Background The New York State Special Traffic Options Program for Driving While Intoxicated (STOP-DWI) was developed in 1980 in an effort to decrease alcohol-related fatalities and injuries in the State. The program objective was to lay the foundation for the development of effective, self-funding, local programs. Each New York county has a STOP-DWI Program which has led to the development of creative programs and increased cooperation between localities. Since the program's inception in 1981 and 2000, there have been significant decreases in alcohol-related crashes, fatalities, and injuries in New York State and, the annual average for collected fines has risen from less than $500,000 to $22 million. The counties retain the fine money to operate the program. No taxpayer money has been spent since the inception of the program. The STOP-DWI Program is considered to be an exemplary and effective program, and therefore may be worth examining in order to determine standards and mechanisms that may potentially benefit impaired driving programs in other States. New Jersey and New Mexico are also developing self-sustaining programs to reduce impaired driving.
Objectives Determine why the New York STOP-DWI Program (and, possibly, self-sustaining programs in other States) have been successfully implemented. Compare STOP-DWI Program outcomes to outcomes of impaired driving programs in other States. Determine aspects of the STOP-DWI program that may be desirable for other States to emulate.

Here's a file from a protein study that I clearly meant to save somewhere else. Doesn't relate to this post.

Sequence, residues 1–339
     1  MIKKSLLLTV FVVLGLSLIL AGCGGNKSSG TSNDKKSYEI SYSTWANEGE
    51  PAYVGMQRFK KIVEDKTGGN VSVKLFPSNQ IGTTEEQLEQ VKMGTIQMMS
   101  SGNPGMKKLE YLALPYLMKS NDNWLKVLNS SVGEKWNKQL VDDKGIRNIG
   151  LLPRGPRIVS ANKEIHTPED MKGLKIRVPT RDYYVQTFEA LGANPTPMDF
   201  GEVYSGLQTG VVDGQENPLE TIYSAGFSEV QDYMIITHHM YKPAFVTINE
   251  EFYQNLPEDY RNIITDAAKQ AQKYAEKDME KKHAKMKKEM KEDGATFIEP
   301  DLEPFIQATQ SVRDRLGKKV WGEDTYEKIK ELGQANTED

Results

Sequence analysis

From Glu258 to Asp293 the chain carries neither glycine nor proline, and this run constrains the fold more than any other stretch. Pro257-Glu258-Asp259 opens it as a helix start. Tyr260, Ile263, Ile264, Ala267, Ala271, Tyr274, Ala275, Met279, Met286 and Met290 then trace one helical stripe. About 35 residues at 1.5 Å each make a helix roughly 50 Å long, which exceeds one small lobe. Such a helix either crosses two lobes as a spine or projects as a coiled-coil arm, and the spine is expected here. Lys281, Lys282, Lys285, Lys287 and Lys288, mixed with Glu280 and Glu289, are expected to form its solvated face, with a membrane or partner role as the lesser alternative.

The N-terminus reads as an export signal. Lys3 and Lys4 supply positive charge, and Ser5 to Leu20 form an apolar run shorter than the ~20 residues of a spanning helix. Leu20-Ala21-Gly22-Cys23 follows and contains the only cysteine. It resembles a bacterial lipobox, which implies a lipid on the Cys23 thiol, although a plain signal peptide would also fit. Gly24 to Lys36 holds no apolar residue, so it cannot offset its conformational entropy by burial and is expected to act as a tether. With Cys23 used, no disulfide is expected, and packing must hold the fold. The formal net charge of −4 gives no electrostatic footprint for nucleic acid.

Proposed Approach In coordination with the New York State Department of Transportation, perform a process-based evaluation to examine how the STOP-DWI Program works and why it produces successful results. This would include examining the organization of the STOP-DWI program; determining specifics of how the program works; determining specific program successes and shortcomings; determining sources and uses of resources; determining factors that make the program work in New York; and, identifying potential obstacles in other States. The data collection effort would include identifying and interviewing relevant New York State and local officials and identifying and reviewing relevant program documentation including pre- and post-program data. Consider extending the evaluation to other States with self-sustaining programs. The evaluation may require 2-3 years, depending on the extent of data collection.